Archaeologists from the Asia Minor Research Center uncovered the city archives in the ancient city of Doliche in south-eastern Turkey and recovered over 2,000 seal impressions used to seal documents.
Doliche is an ancient city located at the northern fringe of Gaziantep in SE Türkiye. It is a significant religious center that has been associated with three different beliefs: Dülük during the Hittite Empire Period, Teshup during the Hellenistic Period, and Jupiter Dolikhenos during the Roman Period. The city’s remains reflect its history as an ancient Roman city that was established as a sacred site for Jupiter Dolikhenos.
The team led by Michael Blömer and Engelbert Winter from the University of Münster made a significant discovery: They has found over 2,000 seal impressions used to seal documents from the city municipal archive.
Although there were archives for storing contracts in every city, only a handful of archive buildings from the Roman Empire have been identified to date.
The impressions consist of stamped clay lumps that range from 5 millimetres to 2 centimetres in size. They were used to seal documents made of papyrus and parchment. The well-preserved seal impressions and their motifs also provide information about ancient administrative practice.
“The images on the official city seals are directly related to the city. They usually show their most important deities such as Jupiter Dolichenus, the city’s main god,” explains Michael Blömer.
The imprints of the smaller private seals show a wide range of images and symbols that reveal a lot about the cultural imprint of Doliche’s inhabitants. “The gods on the seals provide insights into the religious environment of the people. Mythical figures or rare private portraits indicate a strong Greco-Roman influence,” explains the scientist.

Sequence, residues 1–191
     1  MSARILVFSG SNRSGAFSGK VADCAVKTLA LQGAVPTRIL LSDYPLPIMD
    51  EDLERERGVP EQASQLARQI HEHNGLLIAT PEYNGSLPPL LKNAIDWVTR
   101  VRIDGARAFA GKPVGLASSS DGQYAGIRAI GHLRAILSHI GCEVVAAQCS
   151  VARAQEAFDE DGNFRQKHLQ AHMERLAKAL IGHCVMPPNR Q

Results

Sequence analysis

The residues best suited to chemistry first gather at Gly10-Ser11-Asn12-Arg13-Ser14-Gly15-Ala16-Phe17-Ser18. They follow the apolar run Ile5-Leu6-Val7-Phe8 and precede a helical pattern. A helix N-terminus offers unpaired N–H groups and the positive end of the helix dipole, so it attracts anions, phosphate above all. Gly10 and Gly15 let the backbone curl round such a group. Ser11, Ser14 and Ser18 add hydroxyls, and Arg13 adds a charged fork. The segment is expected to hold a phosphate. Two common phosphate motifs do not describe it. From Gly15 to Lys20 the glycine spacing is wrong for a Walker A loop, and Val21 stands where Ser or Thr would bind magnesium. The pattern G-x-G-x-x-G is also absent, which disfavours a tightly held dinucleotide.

Between the mid-second and mid-third century AD, the veneration of Jupiter Dolichenus gained widespread popularity within the Roman military. Several religious structures dedicated to Jupiter Dolichenus identify him as the “deity of the Commagenians.”
According to Engelbert Winter, all that remains of the archive building are the lower layers of the foundations, which are made of solid limestone blocks. “However, they reveal a sequence of rooms that form an elongated building complex,” he describes.
However, the precise size has yet to be determined. The building has so far been found to be eight meters wide and 25 meters long. The width of the walls also indicates that it had multiple stories. Over the course of eight weeks last summer, an international research team uncovered parts of the building.
According to the researchers: “The archive documents themselves were destroyed in a major fire, possibly in AD 253 when the Persian king, Šāpūr I, destroyed numerous cities in the Roman province of Syria.”
The city center, which also included a bath complex and a monumental temple, was not rebuilt after the fire. “This is a stroke of luck for archaeology, as it means that the condition from the period up to 253 AD has been preserved,” the researchers emphasize.
Cover Photo: © Forschungsstelle Asia Minor